When an old Israeli Defense Forces friend recounts a nightmare in which he’s pursued by a pack of ravenous wild dogs, filmmaker Ari Folman decides it must be related to an incident in September 1982, when Lebanese Christian militias massacred thousands of Palestinians as the IDF stood by, doing nothing. Realizing that his memories of that grim occasion have been erased, he travels around Israel, interviewing old acquaintances and former soldiers about what, exactly, happened.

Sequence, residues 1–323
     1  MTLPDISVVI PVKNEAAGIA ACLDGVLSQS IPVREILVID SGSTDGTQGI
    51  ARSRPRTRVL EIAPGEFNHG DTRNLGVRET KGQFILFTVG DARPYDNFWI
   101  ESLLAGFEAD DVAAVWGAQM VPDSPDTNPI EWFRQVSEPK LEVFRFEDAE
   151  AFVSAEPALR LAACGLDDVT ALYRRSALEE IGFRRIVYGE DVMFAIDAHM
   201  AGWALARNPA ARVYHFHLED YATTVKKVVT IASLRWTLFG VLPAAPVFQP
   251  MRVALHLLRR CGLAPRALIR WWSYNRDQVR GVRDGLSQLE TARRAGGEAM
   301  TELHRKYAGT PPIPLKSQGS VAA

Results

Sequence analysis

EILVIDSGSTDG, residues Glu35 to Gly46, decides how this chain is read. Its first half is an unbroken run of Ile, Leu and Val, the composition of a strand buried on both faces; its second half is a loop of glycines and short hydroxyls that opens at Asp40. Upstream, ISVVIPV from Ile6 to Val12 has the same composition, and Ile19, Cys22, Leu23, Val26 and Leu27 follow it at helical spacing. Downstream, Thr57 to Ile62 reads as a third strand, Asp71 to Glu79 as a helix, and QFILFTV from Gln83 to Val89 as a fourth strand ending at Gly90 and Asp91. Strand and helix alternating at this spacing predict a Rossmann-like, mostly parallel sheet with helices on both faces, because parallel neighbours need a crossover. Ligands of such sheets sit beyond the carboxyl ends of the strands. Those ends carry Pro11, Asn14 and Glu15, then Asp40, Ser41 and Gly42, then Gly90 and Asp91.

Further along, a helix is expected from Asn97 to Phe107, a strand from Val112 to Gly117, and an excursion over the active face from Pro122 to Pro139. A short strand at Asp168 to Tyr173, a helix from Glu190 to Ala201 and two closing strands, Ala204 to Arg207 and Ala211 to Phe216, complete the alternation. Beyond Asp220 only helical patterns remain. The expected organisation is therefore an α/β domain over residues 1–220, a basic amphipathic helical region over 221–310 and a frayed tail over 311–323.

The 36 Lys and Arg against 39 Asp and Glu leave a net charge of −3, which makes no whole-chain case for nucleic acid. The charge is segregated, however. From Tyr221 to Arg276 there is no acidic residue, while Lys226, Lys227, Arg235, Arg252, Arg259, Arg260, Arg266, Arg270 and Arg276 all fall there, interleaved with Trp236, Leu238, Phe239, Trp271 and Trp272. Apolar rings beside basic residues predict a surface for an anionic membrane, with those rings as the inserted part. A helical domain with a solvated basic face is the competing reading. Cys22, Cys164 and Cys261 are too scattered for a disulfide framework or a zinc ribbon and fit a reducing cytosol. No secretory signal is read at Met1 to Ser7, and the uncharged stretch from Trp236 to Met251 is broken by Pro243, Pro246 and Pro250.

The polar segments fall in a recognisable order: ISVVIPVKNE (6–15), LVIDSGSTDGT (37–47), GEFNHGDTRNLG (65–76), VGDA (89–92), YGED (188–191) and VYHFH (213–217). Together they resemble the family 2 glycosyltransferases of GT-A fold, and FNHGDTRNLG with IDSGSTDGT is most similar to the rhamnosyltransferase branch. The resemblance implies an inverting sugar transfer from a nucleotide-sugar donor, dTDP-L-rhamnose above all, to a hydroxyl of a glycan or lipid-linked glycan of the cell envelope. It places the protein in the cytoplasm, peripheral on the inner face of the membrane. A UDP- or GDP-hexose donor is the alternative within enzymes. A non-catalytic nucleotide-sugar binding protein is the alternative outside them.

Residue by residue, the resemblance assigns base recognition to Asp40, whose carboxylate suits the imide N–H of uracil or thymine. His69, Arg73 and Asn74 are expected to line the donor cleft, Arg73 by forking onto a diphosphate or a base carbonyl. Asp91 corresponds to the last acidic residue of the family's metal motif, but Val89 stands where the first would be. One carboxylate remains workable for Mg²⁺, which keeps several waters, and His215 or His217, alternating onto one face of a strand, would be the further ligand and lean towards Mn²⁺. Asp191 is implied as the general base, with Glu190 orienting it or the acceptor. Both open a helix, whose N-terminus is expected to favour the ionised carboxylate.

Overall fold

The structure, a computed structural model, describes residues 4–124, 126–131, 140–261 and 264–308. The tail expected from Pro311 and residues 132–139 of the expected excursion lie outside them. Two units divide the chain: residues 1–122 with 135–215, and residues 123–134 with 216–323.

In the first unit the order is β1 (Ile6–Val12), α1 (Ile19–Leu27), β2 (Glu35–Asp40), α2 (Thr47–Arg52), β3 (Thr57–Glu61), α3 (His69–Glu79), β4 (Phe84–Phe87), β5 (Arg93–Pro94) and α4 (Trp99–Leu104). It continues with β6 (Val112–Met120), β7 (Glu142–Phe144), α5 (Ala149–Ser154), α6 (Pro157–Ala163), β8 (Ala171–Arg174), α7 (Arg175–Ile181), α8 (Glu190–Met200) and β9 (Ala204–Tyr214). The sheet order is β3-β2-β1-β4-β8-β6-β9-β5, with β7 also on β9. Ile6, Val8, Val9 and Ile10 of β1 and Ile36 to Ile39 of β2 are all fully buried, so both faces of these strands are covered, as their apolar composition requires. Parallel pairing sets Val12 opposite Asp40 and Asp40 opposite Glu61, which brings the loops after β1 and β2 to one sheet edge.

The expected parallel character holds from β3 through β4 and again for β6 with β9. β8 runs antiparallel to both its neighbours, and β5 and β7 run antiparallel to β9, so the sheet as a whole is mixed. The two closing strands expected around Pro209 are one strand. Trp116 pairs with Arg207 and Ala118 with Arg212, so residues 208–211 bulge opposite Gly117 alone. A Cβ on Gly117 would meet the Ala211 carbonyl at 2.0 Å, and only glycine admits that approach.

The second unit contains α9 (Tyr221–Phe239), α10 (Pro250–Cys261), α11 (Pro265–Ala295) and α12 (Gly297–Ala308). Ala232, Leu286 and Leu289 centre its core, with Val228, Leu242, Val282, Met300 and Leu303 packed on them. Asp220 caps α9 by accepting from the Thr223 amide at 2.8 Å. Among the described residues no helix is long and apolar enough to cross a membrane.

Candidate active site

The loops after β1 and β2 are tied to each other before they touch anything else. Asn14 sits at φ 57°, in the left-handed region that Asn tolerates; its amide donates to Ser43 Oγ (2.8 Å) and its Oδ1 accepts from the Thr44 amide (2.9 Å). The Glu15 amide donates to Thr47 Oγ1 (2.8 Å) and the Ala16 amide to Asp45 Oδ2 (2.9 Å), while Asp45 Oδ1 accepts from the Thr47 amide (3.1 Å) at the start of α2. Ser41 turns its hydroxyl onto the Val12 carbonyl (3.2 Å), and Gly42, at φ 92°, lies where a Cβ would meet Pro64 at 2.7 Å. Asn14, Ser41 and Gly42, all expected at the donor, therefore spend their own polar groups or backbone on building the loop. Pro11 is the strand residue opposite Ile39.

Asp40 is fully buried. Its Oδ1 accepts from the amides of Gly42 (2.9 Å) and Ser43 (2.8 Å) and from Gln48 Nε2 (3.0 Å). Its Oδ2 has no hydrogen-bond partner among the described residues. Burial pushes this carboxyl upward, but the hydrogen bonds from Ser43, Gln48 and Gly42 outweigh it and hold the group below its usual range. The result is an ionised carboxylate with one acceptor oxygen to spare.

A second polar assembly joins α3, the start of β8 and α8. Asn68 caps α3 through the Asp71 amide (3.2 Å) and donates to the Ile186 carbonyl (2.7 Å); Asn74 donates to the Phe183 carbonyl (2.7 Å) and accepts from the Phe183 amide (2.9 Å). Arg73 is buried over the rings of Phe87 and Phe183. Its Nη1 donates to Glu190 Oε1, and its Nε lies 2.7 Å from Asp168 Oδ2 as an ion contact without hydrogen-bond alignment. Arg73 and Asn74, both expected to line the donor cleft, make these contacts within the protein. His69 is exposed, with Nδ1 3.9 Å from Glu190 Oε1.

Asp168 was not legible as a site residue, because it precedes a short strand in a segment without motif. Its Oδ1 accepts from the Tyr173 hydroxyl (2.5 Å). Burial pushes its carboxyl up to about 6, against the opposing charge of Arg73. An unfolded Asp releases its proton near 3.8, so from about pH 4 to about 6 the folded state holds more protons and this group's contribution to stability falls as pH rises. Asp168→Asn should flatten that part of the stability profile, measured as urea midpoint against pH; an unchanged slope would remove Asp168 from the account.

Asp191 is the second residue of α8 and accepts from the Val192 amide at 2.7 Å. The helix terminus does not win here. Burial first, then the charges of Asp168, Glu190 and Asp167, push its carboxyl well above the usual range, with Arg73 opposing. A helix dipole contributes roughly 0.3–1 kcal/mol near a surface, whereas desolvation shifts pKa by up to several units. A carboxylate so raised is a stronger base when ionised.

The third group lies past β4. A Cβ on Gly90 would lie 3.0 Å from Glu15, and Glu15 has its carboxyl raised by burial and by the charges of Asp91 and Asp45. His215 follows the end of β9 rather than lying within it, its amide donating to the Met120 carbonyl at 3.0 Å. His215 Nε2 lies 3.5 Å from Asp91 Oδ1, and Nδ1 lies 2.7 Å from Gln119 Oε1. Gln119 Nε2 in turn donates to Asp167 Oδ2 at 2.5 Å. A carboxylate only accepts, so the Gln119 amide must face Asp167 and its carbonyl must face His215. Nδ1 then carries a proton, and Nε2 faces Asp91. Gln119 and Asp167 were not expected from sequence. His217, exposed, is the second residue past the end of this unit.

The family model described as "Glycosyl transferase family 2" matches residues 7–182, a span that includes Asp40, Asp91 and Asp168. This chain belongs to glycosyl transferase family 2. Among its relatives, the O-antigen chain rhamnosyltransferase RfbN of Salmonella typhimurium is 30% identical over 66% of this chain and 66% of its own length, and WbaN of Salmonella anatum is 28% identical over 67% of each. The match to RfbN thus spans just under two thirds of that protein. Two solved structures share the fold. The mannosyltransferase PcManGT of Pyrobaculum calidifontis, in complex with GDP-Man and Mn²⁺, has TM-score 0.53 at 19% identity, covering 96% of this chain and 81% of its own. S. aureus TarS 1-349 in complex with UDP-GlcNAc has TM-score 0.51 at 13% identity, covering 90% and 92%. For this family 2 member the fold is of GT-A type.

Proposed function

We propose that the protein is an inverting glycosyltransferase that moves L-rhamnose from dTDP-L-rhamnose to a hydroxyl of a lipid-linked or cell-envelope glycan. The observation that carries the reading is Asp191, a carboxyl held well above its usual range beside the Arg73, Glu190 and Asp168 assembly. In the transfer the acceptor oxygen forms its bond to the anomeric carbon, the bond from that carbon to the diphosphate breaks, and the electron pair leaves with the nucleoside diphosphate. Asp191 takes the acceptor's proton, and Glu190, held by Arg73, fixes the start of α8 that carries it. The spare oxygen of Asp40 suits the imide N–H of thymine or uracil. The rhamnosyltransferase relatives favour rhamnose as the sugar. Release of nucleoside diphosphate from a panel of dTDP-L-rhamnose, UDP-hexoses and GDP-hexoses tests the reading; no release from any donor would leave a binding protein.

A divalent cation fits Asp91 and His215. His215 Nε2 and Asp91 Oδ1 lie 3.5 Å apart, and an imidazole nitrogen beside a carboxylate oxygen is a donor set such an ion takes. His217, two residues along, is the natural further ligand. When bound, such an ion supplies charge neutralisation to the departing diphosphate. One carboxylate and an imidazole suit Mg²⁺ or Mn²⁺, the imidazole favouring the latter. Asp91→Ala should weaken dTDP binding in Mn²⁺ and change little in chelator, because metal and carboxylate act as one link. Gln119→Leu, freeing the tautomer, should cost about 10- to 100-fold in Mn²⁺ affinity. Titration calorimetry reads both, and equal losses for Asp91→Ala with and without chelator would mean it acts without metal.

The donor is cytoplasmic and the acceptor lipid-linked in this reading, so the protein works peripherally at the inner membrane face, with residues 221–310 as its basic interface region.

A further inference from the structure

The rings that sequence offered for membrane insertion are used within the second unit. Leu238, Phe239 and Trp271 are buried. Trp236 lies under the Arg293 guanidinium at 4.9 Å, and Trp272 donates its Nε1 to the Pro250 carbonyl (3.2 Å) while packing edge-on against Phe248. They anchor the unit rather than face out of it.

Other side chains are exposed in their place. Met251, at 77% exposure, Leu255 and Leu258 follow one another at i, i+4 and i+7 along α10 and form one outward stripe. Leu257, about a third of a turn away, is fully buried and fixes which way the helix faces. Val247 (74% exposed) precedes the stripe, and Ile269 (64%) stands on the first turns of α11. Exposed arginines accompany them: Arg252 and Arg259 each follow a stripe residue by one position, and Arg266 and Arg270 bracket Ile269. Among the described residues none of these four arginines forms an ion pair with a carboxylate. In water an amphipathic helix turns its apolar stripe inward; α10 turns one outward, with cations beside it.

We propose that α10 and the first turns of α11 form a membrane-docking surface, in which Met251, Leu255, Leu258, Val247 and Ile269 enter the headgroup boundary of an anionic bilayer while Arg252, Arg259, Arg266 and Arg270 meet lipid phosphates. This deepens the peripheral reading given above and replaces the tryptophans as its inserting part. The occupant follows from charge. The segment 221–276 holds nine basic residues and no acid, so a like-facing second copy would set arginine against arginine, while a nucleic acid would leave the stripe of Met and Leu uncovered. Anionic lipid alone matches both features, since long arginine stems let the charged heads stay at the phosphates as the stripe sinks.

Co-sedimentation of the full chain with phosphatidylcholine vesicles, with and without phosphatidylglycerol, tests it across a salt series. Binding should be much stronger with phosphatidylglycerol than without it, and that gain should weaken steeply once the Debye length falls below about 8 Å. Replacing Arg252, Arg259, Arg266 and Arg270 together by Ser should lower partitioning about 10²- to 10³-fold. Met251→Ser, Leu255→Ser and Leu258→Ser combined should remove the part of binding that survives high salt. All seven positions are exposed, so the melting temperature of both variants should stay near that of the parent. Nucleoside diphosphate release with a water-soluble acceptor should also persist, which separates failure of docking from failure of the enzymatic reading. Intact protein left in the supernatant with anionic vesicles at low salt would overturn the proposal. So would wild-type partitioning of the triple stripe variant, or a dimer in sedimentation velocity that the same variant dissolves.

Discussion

Folman’s expertly hand-animated, Oscar-nominated documentary is a memoir of sorts, mixing evocative personal reverie and candid recorded interviews to revisit an infamous event known as the Sabra/Shatila massacre. But it is more than a former soldier’s inner war diary: it’s a meditation on the curious operation of memory by a man attempting to excavate his own repressed psychological distress. Vital, vivid, and sobering, you’ve never seen another film quite like “Waltz.”